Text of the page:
However, in the case of a brief presidential visit, perhaps no more than a couple of hours, the overwhelming issue is security and with the overwhelming expertise and responsibility resting with the Secret Service. They bring with them a degree of experience, knowledge, equipment and training that no police agency or sheriff’s department can match. The number one imperative is to cooperate and let them lead the effort. And that was the case in the visit of a few days prior to the creation of this article.
Many years ago — “many” being the operative word — the college student version of the HR Doctor was commander of the brigade of cadets at one of America’s greatest colleges — UCLA. This group of future Army officers had a role in the visit of another president, Lyndon Johnson. We served in a minor security role of helping keep crowds back. The cadets got to see the president and, in my case, stand in front of him along with many others as he reached over our shoulders to shake hands with people. We felt an excitement about the visit, notwithstanding appreciating the protests dealing with the war in Vietnam as well as civil rights and the “War on Poverty.”
Our excitement about the visit was tempered by worry over the security of the president during the visit. My tiny “nano” role in the visit notwithstanding, I joined everyone else involved — hundreds of “everyone elses” — in breathing a great sigh of relief when the visit ended successfully and the president flew off into the sunset to wherever his next engagement was.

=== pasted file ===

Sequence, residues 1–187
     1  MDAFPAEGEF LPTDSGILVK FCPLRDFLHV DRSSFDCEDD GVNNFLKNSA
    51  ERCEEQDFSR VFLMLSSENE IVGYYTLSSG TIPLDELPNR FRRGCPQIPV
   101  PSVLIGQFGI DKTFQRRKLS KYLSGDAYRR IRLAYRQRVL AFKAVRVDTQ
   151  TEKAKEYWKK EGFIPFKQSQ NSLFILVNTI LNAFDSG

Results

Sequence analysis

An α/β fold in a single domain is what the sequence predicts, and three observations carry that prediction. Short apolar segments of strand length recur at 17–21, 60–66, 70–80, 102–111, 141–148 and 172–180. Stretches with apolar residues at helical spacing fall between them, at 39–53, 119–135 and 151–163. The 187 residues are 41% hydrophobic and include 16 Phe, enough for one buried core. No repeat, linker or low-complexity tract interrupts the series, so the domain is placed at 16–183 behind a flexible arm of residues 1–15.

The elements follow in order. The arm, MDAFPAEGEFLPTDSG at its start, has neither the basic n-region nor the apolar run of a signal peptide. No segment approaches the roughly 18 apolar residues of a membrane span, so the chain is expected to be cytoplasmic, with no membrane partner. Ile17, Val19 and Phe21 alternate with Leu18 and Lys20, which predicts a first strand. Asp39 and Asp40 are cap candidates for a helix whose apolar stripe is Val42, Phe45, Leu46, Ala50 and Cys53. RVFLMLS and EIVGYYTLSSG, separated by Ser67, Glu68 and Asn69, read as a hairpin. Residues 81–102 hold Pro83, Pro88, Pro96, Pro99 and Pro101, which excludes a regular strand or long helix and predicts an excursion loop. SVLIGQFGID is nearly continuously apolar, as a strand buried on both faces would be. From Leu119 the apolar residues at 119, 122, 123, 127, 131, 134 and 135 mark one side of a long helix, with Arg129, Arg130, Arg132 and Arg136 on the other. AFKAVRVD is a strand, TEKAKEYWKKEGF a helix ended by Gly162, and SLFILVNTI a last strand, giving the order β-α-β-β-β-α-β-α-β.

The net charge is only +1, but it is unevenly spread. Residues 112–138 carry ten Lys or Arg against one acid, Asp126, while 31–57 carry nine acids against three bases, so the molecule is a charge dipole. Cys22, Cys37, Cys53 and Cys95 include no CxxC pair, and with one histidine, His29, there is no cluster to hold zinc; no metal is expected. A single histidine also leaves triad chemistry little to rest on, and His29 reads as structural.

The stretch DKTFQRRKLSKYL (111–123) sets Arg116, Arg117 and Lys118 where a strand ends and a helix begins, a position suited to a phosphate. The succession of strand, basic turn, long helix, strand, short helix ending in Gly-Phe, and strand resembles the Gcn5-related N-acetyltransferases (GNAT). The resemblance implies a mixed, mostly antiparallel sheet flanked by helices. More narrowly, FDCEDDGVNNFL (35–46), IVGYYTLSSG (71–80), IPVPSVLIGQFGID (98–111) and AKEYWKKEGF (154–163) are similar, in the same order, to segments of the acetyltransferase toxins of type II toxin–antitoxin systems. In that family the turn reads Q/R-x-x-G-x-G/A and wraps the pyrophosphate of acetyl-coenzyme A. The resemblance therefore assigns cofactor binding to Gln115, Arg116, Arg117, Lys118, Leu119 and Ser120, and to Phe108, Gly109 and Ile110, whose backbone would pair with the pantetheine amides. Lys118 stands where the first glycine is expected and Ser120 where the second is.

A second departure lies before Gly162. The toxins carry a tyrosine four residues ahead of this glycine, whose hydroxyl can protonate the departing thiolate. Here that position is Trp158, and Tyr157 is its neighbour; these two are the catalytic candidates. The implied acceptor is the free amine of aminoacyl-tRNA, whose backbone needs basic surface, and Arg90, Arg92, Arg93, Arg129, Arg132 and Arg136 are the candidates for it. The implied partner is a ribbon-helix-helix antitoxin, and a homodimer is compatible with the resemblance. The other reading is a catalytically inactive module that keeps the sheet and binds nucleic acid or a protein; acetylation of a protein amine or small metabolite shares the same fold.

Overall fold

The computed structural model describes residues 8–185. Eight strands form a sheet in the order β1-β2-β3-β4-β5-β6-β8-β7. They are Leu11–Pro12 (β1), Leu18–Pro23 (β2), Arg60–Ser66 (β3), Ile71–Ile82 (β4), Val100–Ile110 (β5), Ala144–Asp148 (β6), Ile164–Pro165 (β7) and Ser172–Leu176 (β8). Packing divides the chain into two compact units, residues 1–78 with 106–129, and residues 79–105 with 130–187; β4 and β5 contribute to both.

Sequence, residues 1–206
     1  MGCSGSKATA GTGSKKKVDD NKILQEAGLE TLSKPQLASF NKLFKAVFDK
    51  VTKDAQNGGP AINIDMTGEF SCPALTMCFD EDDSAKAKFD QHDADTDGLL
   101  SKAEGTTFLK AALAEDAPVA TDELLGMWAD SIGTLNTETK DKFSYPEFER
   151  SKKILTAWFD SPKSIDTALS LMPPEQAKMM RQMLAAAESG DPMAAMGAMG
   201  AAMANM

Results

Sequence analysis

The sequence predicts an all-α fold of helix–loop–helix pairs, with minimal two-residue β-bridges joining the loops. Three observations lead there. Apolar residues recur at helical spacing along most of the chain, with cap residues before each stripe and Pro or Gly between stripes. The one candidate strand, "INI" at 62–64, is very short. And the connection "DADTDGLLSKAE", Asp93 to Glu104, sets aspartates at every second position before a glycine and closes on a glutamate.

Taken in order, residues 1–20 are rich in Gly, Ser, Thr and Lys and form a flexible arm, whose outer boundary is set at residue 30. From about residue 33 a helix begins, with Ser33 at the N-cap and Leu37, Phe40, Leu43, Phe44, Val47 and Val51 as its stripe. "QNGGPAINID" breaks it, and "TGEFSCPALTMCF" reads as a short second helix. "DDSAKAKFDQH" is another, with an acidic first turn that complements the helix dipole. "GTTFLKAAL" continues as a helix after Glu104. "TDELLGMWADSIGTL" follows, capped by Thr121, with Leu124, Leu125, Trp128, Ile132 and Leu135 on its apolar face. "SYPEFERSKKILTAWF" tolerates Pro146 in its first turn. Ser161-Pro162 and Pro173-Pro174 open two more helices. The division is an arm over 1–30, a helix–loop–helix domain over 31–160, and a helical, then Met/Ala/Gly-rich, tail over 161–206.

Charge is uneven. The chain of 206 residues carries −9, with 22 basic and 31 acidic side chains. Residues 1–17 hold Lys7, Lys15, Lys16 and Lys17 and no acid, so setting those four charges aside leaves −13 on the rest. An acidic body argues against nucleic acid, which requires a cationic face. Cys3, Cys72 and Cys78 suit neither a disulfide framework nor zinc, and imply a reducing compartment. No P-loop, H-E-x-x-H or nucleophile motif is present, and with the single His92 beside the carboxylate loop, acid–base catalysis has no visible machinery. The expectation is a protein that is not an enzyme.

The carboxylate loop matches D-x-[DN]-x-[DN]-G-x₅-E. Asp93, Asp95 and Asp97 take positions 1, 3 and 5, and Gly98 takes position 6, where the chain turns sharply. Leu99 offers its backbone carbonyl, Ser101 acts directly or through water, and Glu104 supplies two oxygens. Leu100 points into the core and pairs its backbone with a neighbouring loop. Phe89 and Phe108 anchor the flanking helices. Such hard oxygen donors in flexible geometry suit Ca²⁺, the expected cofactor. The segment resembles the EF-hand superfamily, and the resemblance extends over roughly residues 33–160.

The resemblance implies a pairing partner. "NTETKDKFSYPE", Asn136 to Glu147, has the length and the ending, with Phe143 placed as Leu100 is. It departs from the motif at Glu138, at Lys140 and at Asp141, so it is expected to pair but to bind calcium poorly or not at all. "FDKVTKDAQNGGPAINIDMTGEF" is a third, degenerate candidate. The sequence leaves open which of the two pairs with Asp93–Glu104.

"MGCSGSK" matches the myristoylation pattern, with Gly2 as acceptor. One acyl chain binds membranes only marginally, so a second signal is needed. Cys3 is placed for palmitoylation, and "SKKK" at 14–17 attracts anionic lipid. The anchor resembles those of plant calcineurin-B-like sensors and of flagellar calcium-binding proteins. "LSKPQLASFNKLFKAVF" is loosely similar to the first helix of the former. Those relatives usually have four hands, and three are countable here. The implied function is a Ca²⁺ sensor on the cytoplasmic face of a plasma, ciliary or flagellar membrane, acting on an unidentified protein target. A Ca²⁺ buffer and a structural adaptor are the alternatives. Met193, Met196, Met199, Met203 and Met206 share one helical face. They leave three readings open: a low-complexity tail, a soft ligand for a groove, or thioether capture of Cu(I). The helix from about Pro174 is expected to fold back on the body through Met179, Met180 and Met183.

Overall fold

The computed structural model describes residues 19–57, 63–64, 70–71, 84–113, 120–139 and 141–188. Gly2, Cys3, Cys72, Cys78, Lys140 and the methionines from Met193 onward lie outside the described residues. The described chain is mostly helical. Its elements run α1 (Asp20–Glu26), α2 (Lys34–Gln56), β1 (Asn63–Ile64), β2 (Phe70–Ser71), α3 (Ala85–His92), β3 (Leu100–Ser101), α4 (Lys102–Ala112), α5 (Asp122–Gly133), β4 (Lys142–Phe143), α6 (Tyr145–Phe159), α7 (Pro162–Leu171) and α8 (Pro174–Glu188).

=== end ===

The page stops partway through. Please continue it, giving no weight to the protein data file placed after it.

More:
There are certain clear similarities between all the preparation, the excitement, the worry and the great relief associated with a presidential visit just as there is with handling any other major event. These might include the inauguration of a new president, a major local community event like a parade or the opening of a new facility.
What makes the difference between success and unthinkable failures in all of these management challenges involves a “recipe” with only a few basic ingredients. First, anticipate risks and opportunities. Next, establish (far in advance of an actual event) strong bonds of cooperation and mutual support with agencies, community organizations and private citizens. Then, add an important “dash” of taking steps to act on potential risks and mitigate or prevent them. Finally, end with appreciation, recognition of hard work and celebration to enjoy the moment and reflect on success in meeting a difficult management challenge.
All of this relates to an oft-repeated fundamental principle of the HR Doctor’s for many years: “Act Now to Put Off the Day When Something Bad Happens!” For me as an experienced public administrator, former county chief administrative officer, longtime human resources director, former intelligence officer and hubby/daddy, the value of learning how important that principle is in life has never been greater.